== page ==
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Winery Event Centers - Two Sides to Every Story


Winery Event Centers - Two Sides to Every Story

By Vesta Copestakes
Just in case you haven’t been paying attention to this issue - here’s a brief synopsis. When Dairyman Winery decided to develop a large event center in the Greenbelt between Santa Rosa and Sebastopol, it became a controversial development issue. Groups formed to fight the construction and quickly joined forces with other groups in a tri-county area of Sonoma, Mendocino and Napa Counties.

In the mean time, Sonoma County is in the process of examining our General Plan and Greenbelt policies regarding what existing rules have either been ignored, not enforced or worked-around legally. Closing those loopholes is a priority for people wanting to preserve our rural neighborhoods, protect our limited water resources and protect the rights of grape growers.

This subject remains complex in spite of the appearance of easy solutions. If you attended the Permit Resource Management Department (PRMD) Winery Working Group public hearing recently, you know the voices on both sides of the dilemma have valid reasons for their perspective.

Grape farmers see their land as providing income, jobs, taxes and open space that generates income for the county. They don’t want to see the open space filled with housing developments and shopping centers. Enough people got up to speak who had lived in San Jose when it became Silicon Valley to know that farm land can get quickly bulldozed into industrial complexes. What was once fertile soil growing food can’t even absorb rainwater any more. It’s a good scare tactic because no one in Sonoma County wants to become Silicon Valley any more than we want to become Napa Valley.

An administration nightmare

Many grape growers support the current land use policies but feel that they lack enforcement. They suggested a calendar that tracks events in an area to limit the number of large events scheduled on the same day or weekend in rural communities. With computer technology people assume this could be easy. Well, it’s not. Ask any calendar editor or event planner. This county is complex and large. Current staff at PRMD are not likely to be able to do this. It would take a new department and/or additional staff. And the suggestion that PRMD hire people to spend their weekends tracking down offenders to fine them is improbable.

Limiting events to a certain number of people also came up. Telling a winery they can’t have business meetings and conferences beyond a certain body count – not just events like weddings. Is PRMD supposed to cite and fine these wineries who exceed the number of people legally at a meeting or event? After the fact? Does PRMD have the authority to bust up a party or wedding and tell a third of the people to go home? Is the intent that events with 50 – 100 – 200 people be required to have a permit and register with PRMD so that they can determine if there are too many large events on one day, on one country road the solution?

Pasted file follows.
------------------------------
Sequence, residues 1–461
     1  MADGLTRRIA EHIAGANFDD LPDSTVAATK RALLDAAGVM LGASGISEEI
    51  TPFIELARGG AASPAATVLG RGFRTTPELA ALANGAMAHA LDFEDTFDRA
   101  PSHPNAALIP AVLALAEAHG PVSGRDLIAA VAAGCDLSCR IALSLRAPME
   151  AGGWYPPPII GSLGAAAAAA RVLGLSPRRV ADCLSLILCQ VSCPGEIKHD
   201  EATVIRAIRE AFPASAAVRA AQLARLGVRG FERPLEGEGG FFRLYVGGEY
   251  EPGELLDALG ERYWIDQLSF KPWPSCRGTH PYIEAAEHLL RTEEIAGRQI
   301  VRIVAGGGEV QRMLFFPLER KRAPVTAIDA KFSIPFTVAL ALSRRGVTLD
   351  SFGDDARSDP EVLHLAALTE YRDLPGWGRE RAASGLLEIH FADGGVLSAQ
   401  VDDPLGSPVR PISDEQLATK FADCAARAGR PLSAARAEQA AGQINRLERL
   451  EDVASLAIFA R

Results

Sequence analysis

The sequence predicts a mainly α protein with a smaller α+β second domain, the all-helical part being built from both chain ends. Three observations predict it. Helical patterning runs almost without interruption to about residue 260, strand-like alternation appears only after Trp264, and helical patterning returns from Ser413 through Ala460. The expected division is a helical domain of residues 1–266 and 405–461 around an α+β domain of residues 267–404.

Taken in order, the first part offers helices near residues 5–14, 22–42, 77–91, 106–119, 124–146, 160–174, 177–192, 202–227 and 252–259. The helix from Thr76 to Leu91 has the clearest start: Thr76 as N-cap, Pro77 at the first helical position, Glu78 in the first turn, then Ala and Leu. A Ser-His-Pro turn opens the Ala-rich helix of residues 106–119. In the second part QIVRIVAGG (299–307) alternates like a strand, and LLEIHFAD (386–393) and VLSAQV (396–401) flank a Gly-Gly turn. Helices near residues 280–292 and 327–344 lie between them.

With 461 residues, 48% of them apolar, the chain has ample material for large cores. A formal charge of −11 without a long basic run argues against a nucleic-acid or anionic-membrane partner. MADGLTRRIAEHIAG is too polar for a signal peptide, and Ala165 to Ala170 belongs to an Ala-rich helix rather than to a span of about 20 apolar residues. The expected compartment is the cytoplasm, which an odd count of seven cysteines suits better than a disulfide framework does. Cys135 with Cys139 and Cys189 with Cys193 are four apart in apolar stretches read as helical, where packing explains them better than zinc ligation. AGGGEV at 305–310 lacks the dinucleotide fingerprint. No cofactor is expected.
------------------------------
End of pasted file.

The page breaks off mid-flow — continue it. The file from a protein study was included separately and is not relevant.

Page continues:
Anyone can tell you that fines don’t stop people if they have money. Have you noticed how individuals and businesses simply pay higher water rates rather then let their lawns go dry during the drought? If you have money, the fine isn’t a motivator. Enforcement is a nice idea but unrealistic.

Rules and Regulations based on Reality

Some feel there needs to be rules set for urban areas and other rules for rural areas. This idea goes hand-in-hand with the concepts of sustainable growth, etc. Our Greenbelt policies are about to be reviewed as are our General Plan rules. This is the chance to tighten areas that were too loosely defined. Plan Bay Area 2040 – the 9 Bay Area County study, divides high density – medium density and rural areas into separate zones for regulating growth in a planned way. Perhaps Winery Event Centers could be regulated according to their location. 101 corridor properties vs. rural properties.

Sonoma Valley Hwy 12 corridor

In many ways this makes sense, but it can’t be just one side defining new rules without the consideration of the people who have to follow those rules. If you have not walked in the shoes of a farmer, how can you know how a rule that is created to curb a huge winery event center will impact a small-acreage grape grower? Talk to enough grape farmers and you know they have issues with the big guys as well, and will have even more issues if rules come down on their heads because their large neighbor is causing problems.

Is there a solution that serves everyone’s needs? Maybe. If there’s anything we all agree on it’s that no one wants San Jose in Santa Rosa. And very few if anyone wants Napa Valley in Sonoma County either. We value our open spaces and that includes rolling hills with grapes as much as public parks with hiking trails. What’s most important is that people educate themselves on this subject so their ignorance doesn’t put them in the position of being ignored. Please see LINKS below to county documents and information.

Napa Valley's high concentration of wineries

Read up on the Sonoma County General Plan 2020. Study the Open Space and Greenbelt rules and see where the two can fit together with our growing population, tourist industry, agricultural concerns and economic considerations. That’s a lot of factors to include in the equation. Add water and air quality and you have a real stew. This meal will take time to prepare and time to digest. But leaving it as it currently exists is more than likely not an option. Legal loopholes will need to be closed. Which ones and how that is fair to to all concerned is the challenge.

INFO: PRMD Winery Working Group

Improving Policies for Open Space in Sonoma County

Winery events concentration - Dry Creek Valley


winery event concentration Sonoma Valley